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Monday, January 15, 2007

Wilberforce, Newton, and Christians' "Disregard for Truth"

By Rick Pearcey • January 15, 2007, 03:01 PM

On Feb. 23," writes Ken Walker, "a sister company of Walden Media -- the folks behind such films as Charlotte’s Web, Winn Dixie and Chronicles of Narnia -- will release its latest positive fare, Amazing Grace, the story of British abolitionist William Wilberforce."

* John Newton: The Wilberforce film, says Walker, "shines a light on John Newton, author to the words of the legendary hymn [Amazing Grace] that lives on and in recent years inspired a PBS television special on its impact."

* Newton's Inspiring Story: "John Newton? The slave ship captain caught in a powerful storm who struck a bargain with God, promising to set the slaves free if the Almighty saves their lives? And after God calmed the storm, Newton instantly converted to Christianity, freed the captives and quit the slave trade?"

* Oft-Told: "Over the years, you’ve probably heard (maybe preached) that story, or some modified version of it. I heard it early in my Christian life."

* But: "The only problem is none of it is true, according to Christine Schaub, author of The Longing Season, a best-selling historical novel that tells the story of Newton and his beloved hymn."

The rest of Walker's article at ChurchCentral.com is here.


Thursday, January 4, 2007

Art Without Meaning -- Francis Schaeffer on "The Red Virgin"

By Rick Pearcey • January 4, 2007, 11:19 AM

News outlets are reporting that an artist has portrayed actress Angelina Jolie as the Virgin Mary. The following analysis by philosopher-theologian Francis Schaeffer of Fouquet's The Red Virgin provides background on the worldview dimension of this use of Marian imagery and on the modern problem of art divorced from meaning.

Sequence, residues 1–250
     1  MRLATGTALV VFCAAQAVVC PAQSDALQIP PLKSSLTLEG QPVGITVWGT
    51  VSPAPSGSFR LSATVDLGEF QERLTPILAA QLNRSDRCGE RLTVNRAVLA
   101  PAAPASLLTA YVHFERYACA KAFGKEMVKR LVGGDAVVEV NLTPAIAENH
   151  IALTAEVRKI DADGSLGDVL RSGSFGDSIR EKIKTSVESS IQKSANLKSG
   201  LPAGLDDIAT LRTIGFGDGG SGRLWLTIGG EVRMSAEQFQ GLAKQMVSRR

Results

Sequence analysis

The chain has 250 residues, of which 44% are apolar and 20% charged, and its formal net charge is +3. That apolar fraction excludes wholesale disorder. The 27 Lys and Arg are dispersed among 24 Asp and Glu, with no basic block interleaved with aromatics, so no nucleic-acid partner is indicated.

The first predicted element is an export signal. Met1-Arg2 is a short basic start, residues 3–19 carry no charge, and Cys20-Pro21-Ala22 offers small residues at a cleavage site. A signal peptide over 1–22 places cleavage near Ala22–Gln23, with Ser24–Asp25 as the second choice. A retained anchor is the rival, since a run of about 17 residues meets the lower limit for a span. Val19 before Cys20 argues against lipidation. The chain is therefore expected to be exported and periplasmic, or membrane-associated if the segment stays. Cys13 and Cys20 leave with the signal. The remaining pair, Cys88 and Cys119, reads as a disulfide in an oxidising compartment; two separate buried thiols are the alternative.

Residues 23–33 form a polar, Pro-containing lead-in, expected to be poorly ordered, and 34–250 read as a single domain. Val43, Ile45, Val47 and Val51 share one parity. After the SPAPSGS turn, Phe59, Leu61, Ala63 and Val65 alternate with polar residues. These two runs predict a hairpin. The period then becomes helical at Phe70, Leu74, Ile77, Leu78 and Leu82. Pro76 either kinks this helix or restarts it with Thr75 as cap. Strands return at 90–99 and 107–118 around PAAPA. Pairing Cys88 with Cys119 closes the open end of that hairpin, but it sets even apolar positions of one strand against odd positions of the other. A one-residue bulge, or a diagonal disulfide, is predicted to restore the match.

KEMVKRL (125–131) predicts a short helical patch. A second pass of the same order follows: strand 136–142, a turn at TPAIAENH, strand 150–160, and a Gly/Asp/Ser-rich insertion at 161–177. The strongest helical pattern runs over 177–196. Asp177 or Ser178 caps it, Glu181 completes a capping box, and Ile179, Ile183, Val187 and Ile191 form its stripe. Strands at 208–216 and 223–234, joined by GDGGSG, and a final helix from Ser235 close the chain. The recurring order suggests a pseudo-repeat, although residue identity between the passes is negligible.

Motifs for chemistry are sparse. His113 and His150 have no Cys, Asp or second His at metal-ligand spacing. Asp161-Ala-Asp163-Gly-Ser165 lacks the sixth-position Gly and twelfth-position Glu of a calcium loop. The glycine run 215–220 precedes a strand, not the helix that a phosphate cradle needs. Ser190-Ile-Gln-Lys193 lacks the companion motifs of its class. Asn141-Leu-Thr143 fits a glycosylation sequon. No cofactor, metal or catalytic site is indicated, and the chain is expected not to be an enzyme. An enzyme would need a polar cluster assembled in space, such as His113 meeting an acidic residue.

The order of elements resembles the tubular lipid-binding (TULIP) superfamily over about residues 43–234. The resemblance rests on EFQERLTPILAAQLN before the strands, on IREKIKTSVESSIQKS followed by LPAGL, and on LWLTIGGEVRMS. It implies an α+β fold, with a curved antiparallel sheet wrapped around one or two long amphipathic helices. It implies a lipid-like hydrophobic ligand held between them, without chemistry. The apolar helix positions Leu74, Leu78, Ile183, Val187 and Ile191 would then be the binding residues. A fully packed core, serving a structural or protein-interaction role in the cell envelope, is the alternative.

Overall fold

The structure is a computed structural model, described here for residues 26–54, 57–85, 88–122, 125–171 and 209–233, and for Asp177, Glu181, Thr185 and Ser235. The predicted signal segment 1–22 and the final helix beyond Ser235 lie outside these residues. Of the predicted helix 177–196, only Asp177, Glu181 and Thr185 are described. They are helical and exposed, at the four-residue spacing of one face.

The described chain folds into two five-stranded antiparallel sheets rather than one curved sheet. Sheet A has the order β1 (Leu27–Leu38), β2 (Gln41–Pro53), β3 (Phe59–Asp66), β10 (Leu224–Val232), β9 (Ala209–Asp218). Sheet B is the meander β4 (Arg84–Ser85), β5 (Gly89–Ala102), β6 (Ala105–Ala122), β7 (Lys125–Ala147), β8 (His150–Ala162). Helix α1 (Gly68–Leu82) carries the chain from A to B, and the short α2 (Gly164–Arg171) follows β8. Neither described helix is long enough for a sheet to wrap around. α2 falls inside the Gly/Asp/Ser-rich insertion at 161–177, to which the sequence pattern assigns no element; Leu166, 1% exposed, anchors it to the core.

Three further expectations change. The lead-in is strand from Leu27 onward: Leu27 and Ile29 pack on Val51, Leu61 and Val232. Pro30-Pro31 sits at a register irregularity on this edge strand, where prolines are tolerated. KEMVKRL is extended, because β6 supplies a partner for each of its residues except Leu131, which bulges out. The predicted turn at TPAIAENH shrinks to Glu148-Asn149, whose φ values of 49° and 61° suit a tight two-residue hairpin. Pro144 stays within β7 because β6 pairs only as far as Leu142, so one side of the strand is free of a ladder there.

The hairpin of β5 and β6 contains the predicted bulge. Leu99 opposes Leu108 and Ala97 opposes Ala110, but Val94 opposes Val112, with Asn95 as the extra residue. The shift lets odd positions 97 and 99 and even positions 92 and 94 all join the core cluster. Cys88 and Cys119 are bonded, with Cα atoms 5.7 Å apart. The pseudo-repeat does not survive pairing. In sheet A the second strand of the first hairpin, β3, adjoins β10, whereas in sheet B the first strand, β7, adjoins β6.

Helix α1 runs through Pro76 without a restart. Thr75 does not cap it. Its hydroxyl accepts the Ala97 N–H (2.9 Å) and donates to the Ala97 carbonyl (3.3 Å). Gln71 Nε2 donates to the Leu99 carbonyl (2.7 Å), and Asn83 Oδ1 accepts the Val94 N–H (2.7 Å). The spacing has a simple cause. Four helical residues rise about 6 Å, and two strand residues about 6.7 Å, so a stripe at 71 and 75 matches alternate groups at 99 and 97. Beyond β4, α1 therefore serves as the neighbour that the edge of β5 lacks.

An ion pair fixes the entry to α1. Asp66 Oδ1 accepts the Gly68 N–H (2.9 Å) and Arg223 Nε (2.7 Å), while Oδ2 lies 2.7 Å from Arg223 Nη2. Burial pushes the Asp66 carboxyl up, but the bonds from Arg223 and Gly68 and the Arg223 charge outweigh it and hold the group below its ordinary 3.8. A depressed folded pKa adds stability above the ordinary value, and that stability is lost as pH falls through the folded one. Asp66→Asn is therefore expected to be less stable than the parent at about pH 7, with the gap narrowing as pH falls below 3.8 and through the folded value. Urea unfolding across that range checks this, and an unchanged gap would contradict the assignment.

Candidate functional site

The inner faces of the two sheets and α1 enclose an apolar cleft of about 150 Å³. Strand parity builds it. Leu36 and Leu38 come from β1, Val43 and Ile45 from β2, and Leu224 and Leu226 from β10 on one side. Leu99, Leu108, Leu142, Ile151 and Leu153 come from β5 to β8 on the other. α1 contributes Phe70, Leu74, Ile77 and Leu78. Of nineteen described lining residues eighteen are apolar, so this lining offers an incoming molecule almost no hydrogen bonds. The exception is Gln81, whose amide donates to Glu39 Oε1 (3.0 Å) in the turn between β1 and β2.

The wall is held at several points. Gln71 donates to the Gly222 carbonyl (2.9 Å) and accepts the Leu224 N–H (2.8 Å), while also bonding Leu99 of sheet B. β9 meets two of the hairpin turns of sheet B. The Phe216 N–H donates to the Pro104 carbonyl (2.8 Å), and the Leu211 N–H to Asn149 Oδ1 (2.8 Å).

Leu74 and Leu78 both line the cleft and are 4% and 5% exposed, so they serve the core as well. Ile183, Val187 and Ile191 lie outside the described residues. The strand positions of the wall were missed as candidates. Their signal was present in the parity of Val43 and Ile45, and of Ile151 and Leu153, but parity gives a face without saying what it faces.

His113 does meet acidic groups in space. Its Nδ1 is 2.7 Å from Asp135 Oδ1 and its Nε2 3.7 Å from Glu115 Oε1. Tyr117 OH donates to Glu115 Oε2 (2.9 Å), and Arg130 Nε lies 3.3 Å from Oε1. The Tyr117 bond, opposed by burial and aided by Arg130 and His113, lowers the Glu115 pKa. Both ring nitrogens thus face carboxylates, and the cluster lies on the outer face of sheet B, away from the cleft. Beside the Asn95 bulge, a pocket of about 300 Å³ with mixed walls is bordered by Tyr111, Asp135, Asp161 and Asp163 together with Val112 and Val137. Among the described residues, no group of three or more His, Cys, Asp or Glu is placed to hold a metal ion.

* Masaccio: "It is crucial to notice that with Masaccio [1401-1428?] and the others up to this point," writes Schaeffer, "art could still have moved toward either a biblical or a nonbiblical concept of nature and the particulars (that is, the individual things, including the individual man). Up to this time it could have gone either way."

* Nature's Proper Place: "It was good that nature was given a proper place. And there could have continued an emphasis on real people in a real world which God has made -- with the particulars, the individual things, important because God made the whole world. Masaccio . . . pictured Adam and Eve as the Bible portrays them -- as real people in a real world. Or at this point humanism could take over, with its emphasis on things being autonomous."

* Dilemma of Humanism: "Immediately after Masaccio, the die was cast and the movement went in this direction. Man made himself increasingly independent and autonomous, and with this came an increasing loss of anything which gave meaning, either to the individual things in the world or to man. With this we see the dilemma of humanism which is still with us today."

* Fouquet's Red Virgin: "This position and its dilemma is strikingly shown in a shift in art. In France, one sees this with Fouquet (c. 1416-1480) in his painting The Red Virgin (1450?)."

* King's Mistress: "The world red refers to the overall color used in part of the picture. The girl was shown with one breast exposed, and everybody who knew the situation knew that this was a picture of the king's mistress, Anges Sorel."

* Not the Madonna: "Was this the Madonna about to feed her baby? No, the painting might be titled The Red Virgin, but the girl was the king's mistress; and when one looked at the painting one could see what the king's mistress's breast looked like."

* Mary as a Real Person: "Prior to this time, Mary was considered very high and holy. Earlier she was considered so much above normal people that she was painted as a symbol. When in the Renaissance Mary was painted as a real person, this was an advance over the representations of Mary in the earlier age, because the Bible tells us that Mary was a real girl and that the baby Jesus was a real baby."

* Where Has All the Meaning Gone? "But now not only was the king's mistress painted as Mary with all of the holiness removed, but the meaning, too, was being destroyed. As first it might have seemed that only the religious aspect was threatened. But, as we can see in retrospect, gradually the threat spread to all of knowledge and all of life."

* Beyond Meaningless Mary: "All meaning to all individual things or particulars was removed. Things were being made autonomous, and there was nothing to which to related them or to give them meaning."

-- Francis Schaeffer, How Should We Then Live?, pp. 68-71; for a fuller statement on Christianity and art, see Schaeffer's Art & The Bible